In July 1918, the 15,000-ton armored cruiser USS San Diego sank off Long Island, New York, losing six sailors from a crew of 1,200 after a mysterious explosion struck the vessel.
The ship was returning home after escorting U.S. troop and cargo ships across the perilous North Atlantic passage to Europe, defending convoys against marauding German U-boats and transforming the course of the conflict by delivering 10,000 doughboys a day to the Allied Powers.
Now it had been felled just eight miles from New York Harbor.
San Diego remains the only major U.S. warship sunk in World War I. Until now, the cause of the explosion was a mystery. Some experts thought that a German saboteur had smuggled a bomb on board. Others were convinced that a torpedo fired by a German U-boat was to blame, even though lookouts never saw the tell-tale bubble trail left on the water’s surface.
But now military historians and scientists have finally confirmed an initial Navy court of inquiry finding that a German-laid underwater mine sank the warship.
A team of U.S. military and oceanographic experts presented the results of a two-year investigation on December 11, 2018 at the annual meeting of the American Geophysical Union in Washington, D.C., bringing to a close a century of debate.
“We believe the U-156 [U-boat] sunk the USS San Diego and used a mine to do so,” said Alexis Catsambis, a maritime archaeologist at the U.S. Naval History and Heritage Command.
The scientific data gleaned from the investigation backs up reports at the time that a U-boat had been patrolling the area. In fact, the U-156 had been spotted by other ships and was one of Germany’s most successful, sinking a total of 44 Allied ships in only 13 months of sea patrols.
After a refueling stop in Portsmouth, N.H., the 1,180 crewmembers of the San Diego were a few hours away from a night on the town. Some had already changed into their spiffy white liberty uniforms as the ship approached the entrance to New York Harbor. As the armored cruiser passed eight miles south of Fire Island, a powerful explosion hit just below the midpoint of the ship.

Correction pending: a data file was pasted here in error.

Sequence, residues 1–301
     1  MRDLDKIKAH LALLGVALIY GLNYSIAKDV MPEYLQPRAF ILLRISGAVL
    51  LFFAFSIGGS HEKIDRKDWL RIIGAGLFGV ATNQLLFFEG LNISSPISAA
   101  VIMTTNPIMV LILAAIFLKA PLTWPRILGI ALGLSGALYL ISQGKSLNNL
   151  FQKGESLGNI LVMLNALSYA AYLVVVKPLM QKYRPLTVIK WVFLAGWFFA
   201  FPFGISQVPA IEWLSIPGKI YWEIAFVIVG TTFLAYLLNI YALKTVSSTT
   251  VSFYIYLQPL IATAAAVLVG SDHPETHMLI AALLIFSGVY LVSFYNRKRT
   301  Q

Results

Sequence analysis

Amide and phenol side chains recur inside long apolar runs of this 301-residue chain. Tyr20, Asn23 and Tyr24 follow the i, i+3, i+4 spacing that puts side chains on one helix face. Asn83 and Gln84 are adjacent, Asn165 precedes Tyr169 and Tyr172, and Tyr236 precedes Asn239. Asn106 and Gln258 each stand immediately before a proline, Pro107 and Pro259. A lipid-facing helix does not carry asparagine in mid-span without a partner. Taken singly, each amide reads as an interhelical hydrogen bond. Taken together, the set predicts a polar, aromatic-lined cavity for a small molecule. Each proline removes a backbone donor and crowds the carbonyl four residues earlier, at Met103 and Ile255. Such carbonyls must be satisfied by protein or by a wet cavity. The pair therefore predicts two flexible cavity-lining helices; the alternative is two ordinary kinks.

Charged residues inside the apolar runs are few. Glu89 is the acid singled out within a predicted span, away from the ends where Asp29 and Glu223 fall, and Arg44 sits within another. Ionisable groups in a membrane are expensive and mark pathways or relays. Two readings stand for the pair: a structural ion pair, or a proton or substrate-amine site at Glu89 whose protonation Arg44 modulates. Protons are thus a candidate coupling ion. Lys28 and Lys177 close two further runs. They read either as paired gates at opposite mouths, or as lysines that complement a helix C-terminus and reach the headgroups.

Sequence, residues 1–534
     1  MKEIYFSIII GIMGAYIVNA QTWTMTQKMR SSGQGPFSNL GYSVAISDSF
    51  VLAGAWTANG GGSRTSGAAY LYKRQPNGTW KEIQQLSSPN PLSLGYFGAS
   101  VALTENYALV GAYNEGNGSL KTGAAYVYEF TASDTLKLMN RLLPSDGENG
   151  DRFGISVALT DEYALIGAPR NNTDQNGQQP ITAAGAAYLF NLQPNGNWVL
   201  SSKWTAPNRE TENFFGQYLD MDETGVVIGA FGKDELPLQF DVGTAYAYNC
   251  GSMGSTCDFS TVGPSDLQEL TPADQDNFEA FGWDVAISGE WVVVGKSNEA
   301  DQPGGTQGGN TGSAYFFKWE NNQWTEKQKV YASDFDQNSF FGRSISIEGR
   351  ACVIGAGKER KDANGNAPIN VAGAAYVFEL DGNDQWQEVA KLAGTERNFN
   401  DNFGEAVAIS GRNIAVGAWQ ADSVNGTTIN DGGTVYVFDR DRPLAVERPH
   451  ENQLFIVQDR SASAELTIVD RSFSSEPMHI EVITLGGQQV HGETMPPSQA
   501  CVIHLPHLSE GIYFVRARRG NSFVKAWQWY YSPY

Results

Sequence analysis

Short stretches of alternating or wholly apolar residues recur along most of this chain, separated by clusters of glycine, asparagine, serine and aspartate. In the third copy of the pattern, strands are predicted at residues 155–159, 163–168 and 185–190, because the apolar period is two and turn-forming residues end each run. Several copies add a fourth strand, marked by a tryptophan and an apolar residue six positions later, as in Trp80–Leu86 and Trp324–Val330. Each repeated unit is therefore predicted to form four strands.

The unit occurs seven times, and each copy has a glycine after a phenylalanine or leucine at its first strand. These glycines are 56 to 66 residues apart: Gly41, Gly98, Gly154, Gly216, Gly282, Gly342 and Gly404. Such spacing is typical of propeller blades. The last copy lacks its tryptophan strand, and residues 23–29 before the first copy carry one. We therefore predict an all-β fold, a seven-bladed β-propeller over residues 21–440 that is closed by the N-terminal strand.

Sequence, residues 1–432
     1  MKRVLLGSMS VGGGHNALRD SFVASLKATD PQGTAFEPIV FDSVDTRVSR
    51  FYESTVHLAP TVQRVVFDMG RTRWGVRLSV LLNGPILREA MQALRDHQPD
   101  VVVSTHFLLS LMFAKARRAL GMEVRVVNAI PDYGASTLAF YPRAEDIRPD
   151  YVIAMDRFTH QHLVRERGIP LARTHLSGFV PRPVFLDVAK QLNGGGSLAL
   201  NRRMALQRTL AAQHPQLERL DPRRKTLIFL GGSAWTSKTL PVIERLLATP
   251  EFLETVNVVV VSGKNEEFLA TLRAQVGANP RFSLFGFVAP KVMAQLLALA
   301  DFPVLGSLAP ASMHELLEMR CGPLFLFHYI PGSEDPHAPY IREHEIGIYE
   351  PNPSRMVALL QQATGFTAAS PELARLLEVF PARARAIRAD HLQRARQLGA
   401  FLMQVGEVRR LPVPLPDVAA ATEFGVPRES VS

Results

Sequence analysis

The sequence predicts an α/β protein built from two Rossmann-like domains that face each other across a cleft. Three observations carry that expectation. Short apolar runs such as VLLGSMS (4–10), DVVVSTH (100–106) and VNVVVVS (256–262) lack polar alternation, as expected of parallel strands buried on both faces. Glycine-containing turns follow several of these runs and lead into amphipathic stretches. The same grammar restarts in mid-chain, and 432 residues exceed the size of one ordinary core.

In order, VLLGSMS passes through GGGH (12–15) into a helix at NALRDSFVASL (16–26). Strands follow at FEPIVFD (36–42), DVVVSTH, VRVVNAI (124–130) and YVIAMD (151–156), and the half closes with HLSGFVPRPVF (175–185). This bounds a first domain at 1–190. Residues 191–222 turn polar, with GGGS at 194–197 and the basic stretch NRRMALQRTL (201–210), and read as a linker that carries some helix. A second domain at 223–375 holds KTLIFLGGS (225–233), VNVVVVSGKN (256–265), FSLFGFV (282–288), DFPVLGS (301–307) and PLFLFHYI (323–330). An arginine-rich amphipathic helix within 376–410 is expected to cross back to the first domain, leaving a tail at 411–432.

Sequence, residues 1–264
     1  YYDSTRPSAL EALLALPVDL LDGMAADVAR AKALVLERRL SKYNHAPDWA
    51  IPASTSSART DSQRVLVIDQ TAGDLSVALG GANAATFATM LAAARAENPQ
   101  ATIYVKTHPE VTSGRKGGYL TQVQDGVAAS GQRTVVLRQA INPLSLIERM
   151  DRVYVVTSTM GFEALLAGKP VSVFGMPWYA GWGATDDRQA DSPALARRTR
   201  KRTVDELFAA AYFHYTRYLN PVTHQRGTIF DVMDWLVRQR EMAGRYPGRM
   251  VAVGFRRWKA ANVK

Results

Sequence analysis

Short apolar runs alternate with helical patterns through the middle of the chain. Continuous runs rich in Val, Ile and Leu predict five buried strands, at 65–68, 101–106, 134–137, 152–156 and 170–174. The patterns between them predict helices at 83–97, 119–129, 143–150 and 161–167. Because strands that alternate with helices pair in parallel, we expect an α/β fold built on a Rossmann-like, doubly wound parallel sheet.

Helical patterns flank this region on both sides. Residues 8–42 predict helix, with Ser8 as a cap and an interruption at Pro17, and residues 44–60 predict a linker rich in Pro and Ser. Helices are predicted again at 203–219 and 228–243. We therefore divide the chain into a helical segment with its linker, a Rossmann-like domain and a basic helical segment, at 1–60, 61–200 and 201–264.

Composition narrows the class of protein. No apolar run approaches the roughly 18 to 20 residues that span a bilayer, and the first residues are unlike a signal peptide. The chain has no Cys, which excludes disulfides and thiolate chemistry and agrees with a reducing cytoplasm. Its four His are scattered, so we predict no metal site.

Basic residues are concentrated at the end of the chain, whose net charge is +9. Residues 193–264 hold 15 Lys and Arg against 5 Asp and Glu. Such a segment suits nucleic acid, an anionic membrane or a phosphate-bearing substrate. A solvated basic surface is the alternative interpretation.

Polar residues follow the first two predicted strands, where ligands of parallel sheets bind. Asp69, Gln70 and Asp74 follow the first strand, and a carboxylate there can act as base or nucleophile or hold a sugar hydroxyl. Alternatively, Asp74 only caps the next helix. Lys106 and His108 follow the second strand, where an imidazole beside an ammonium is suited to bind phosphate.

Captain Harley Hannibal Cristy gave the order to abandon ship after only 15 minutes and it only took less than a half hour for the 500-foot ship to capsize on its side and sink in about 100 feet of water. Six men died; the rest were rescued by lifeboats and passing ships.
The team of investigators, which included experts from 10 federal agencies and academic institutions, used a new kind of predictive computer program developed by the Navy to simulate the flooding of the ship. They combined the computer program with another prediction model for the effects of an explosion on the metal hull, according to Ken Nahshon, a research engineer at the Naval Surface Warfare Center Carderock Division.
Nahshon said the crew of the USS San Diego did everything correctly in responding to the explosion. The problem was more likely in the design of the ship’s interior coal storage compartments, which flooded quickly and were unable to contain the seawater.
“The eye-opening part to us was that there was so many openings inside the ship,” Nahshon said.
Catsambis and his team said the mine explosion did little damage to the ship, but that seawater breached a series of bulkheads and caused the top-heavy ship to topple over quickly. Crews had packed the San Diego with coal for the return trip to Europe, including 150 tons sitting on the open deck.
The researchers made six trips to the USS San Diego wreck site from 2016 to June 2018. They used sidescan sonar and underwater robots with laser imaging technology to construct a three-dimensional image of the wreck. Teams of Navy divers added additional information about the general condition of the wreck. Over the years, the wreck has kept intact by the ship’s iron “torpedo belt” installed along the waterline. It’s also become a popular site for both sport divers and fishermen.
Navy officials decided to launch the investigation to solve the mystery once and for all, and to memorialize the six sailors who perished on the centennial of their deaths. “We now know more than ever before about what likely happened during the USS San Diego’s final moments,” said Catsambis.
In a case of cosmic karma, the same German submarine that placed that mine, the U-156, was itself sank by American mines in the eastern Atlantic. It also launched the only known attack on American soil when it fired on tugboats docked in Orleans, Massachusetts.